Influences on Job Design
Job design describes the content of each role in a business. For example, a machine operator might be responsible for operating certain types of machine and maintaining those machines.
Clear definitions of roles and responsibilities will:
- Improve or maintain quality.
- Improve or maintain productivity.
- Reduce costs such as wastage.
- Ensure that the right person is doing the job.
Hackman and Oldman’s job characteristics model
Hackman and __Oldman __believe that the key to staff motivation is the job itself. If a business can design a job which has variety and challenges, then the worker will be more motivated.
The model has five characteristics on how to motivate the worker:
- Skills variety – Enough different elements to the job to avoid monotony.
- Task identity – The job holder knows exactly how the task fits into the success of the business.
- Task significance – The job holder knows exactly the extent to which that task contributes to the success of the business.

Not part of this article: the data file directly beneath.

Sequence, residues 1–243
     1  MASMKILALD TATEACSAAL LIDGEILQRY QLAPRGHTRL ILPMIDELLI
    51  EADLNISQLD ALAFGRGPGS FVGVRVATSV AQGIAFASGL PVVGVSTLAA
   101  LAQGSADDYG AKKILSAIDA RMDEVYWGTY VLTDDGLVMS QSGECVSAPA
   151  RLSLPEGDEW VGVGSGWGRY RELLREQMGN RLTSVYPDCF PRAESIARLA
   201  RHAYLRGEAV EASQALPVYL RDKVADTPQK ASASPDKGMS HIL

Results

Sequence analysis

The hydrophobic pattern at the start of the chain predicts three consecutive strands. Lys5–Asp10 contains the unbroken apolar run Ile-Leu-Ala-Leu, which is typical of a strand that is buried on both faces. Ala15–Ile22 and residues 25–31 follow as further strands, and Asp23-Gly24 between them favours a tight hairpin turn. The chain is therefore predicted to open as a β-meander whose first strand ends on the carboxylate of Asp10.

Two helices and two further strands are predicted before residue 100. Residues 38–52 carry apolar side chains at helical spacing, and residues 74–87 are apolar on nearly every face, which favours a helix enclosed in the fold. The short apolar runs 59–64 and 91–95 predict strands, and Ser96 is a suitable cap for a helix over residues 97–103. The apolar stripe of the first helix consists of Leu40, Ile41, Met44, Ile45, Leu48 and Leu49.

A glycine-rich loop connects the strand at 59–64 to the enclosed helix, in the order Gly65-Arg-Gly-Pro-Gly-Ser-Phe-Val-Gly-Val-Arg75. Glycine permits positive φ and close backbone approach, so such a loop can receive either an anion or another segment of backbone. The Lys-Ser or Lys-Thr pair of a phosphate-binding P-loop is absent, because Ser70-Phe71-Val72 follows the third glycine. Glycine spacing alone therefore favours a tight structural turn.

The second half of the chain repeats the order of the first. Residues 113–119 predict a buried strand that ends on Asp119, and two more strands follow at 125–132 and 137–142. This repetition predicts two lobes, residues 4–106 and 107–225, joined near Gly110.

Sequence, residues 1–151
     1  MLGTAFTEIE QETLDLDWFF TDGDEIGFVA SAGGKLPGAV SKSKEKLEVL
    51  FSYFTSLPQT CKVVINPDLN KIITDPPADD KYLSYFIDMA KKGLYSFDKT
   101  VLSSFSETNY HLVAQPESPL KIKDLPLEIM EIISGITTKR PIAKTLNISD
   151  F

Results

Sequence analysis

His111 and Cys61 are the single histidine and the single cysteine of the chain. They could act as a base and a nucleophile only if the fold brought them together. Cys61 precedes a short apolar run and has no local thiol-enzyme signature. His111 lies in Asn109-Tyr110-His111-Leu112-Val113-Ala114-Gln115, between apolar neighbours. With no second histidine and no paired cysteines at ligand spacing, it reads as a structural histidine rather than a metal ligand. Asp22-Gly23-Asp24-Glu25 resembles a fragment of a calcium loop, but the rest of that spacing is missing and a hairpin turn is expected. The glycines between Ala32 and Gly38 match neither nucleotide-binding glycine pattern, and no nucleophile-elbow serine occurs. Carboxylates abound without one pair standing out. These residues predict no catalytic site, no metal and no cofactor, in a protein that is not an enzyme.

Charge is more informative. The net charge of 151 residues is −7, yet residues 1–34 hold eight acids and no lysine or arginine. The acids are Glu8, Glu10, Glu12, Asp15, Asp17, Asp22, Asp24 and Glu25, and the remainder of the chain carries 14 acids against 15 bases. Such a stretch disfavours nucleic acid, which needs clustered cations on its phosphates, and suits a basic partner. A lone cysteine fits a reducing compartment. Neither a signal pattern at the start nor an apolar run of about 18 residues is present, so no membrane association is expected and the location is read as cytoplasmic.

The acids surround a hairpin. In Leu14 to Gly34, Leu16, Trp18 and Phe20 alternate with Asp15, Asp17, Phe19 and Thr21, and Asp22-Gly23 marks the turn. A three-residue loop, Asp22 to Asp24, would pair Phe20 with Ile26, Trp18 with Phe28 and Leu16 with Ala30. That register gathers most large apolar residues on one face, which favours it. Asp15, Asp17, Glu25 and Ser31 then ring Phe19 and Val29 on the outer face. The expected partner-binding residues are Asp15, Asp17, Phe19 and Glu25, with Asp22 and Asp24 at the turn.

- Autonomy – The job holder has some ability to act independently.
- Feedback – The job holder has meaningful feedback on how they are doing.
Influences on Organisational Design
Organisational design describes how a business organises the way that decisions are passed through the business. This is normally known as a hierarchy.
A hierarchy describes the structure of the management, usually as a formal chart. In a formal hierarchy, job roles are clearly defined with clear lines of accountability and responsibility. In an informal hierarchy, roles and responsibilities are more fluid and may change daily. There will be no formal chart.
Key Terms in Organization Design are:
- __Authority __– the power to give orders to others.
- __Delegation __– giving decision making powers to subordinates.
- Span – the number of workers under one manager.
A wide span has lots of workers per manager. It’s often part of a flat organisation, which means few levels of management.
- A wide span of control encourages the leader to be more democratic and delegate authority to the subordinates, which could be motivating for them.
- Creates a more entrepreneurial culture as workers can take responsibility for jobs, thus potentially improving communication.
- However, wide spans of subordinates may be hard for one manager to supervise and co-ordinate.